Everyone has something to say about development. I speak about DEVELOPMENT here, as in the development of a country, about its growth, its social
issues, its political causes, its environmental concerns and its economic strategy. As they should. I am all for it. In fact there is no two ways about it. Development is for the people by the people, of the people.
Otherwise is there really development. But when everybody who is a somebody walks around espousing on what development should be for everyone else, I think there is some confusion there. Development is serious business. Never mind that the government of many developing countries do not take it
seriously, or that NGO's who are supposedly sharing the burden are over
worked and underpaid and many times confuse it with being mere do gooders.
But development is serious business with a strategy, with a budget, with a goal, with a method, with an end.
Arundhati Roy is a case in point. I read her book on the Narmada issue a while ago. Excuse me! I worked on the Namada project as a young intern after my Masters in Communication. If you are going 'glamourise the issue and sell it in lyrical form then at least for gods sake get all the issues right.
Work on your central message. Understand the political dimensions, the social upheaval, the environmental repercussions and the economic
underpinnings of that project. And speak of it in technical terms. For you do not see a book for lawyers speaking of the labor policy in poetic language. We want to pass on a message to the World Bank, to the Government of India. We want to say, give us back our rights but singing it out in verses is not going to cut it.
I have seen Medha Pathkar age in the pursuit of this bigger cause and then I see Arundathi Roy establishing her celebrity status in this cause. Something is not right here.
I am not saying that all the development books out there have got their
ducks all lined in a row, but when a celebrity of whatever standing goes out there and makes a statement, then it must have credibility. Just because someone is a well known development practitioner you don't see them rushing off to act in a film.
I worked in a well known development organization a while ago. During one of our annual meetings the Vice President told us he has an issue, he would like our help in resolving. He said that every week he gets a call from some high flying executive who is at the brink of a nervous break down. Send me to one of your offices in your developing countries, they cry, we will fund ourselves and do whatever we can to help. What should I do, he asks. Tell them, I suggested, to walk down the stairs and help the homeless man at the corner, or volunteer in their child's school, or play ball with their kids.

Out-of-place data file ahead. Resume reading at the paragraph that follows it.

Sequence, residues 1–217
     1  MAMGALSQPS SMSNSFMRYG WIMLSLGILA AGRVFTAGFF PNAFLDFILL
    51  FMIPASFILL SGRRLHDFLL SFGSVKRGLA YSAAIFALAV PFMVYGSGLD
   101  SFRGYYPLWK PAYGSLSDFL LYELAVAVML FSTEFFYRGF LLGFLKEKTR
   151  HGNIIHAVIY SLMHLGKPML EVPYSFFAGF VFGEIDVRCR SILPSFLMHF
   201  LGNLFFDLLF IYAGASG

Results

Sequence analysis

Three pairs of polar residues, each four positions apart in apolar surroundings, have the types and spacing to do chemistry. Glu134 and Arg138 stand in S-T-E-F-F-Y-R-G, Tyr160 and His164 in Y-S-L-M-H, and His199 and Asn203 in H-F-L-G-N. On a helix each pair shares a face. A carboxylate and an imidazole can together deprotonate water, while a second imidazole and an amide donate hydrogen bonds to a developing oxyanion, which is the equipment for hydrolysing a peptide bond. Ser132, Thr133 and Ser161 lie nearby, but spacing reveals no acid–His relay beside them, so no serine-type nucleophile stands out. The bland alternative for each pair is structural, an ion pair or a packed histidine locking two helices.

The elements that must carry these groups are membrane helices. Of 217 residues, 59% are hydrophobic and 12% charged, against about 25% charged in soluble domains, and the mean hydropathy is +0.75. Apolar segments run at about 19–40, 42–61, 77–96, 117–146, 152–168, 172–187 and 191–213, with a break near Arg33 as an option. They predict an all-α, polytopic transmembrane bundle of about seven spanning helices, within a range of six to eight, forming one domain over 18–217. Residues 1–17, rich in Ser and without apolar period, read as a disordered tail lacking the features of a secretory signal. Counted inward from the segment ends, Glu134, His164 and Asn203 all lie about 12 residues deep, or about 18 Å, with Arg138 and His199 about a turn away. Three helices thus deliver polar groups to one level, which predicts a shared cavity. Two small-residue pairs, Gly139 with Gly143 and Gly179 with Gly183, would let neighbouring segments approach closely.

You don't see me having a mid life crisis and rushing off to help a lawyer help defend an accused in a murder trial. We are qualified professionals I say, having paid good money to learn to run this business, the business of development, let it not be said that we are running a workshop for do gooders. We do development.
For I have been at the receiving end of this. A trying-to find-myself person tagging along on our trips to a village. Aww how sweet they are, the children are so darling, the people are so hospitable, I am so touched, I feel so welcome. Huh. Huh. Huh. We are not here to feel good about ourselves. Development with a human face of course, but not with a fawning one. We are here to look, to see, to listen, to discern to assist, to strategize. We are here to do development.
If you are looking to find yourself, please do it in a lawyers office. Ask him to write up a will, leave us all your money and go live in the mountains and find your way slowly back home. Let those of us who know this business run it.
And A Nonny Nonny (that's two "nonnies") said this:
Yah. Whatever. I generally avoid commenting in public on LeRoy BleedingHeart. This is the age of the media slut. We have not yet degenerated into into open cannibalism and slavery but at the same time, compassion has become just another yawn-cue -- there's none left to go around, considering that we all prefer to watch chimps being rescued than care about Ethiopian babies starving on-camera. In such a situation, the only people who get attention are those who are good-looking enough to rate air-time -- and if they spout heart-ache about the environment, all the better. We can have our environmental cake and eat it too, yum! I believe LeRoy's true predecessor was Lady Diet -- she too found her true calling in posing with Les Miserables, gaining immeasurable quantities of brownie points for herself while sharing a leedle teeny weeny ray of her spotlight with the darkling doomed.
Ay me. Nuff said! I shall return to my ebony tower to sharpen my claws.
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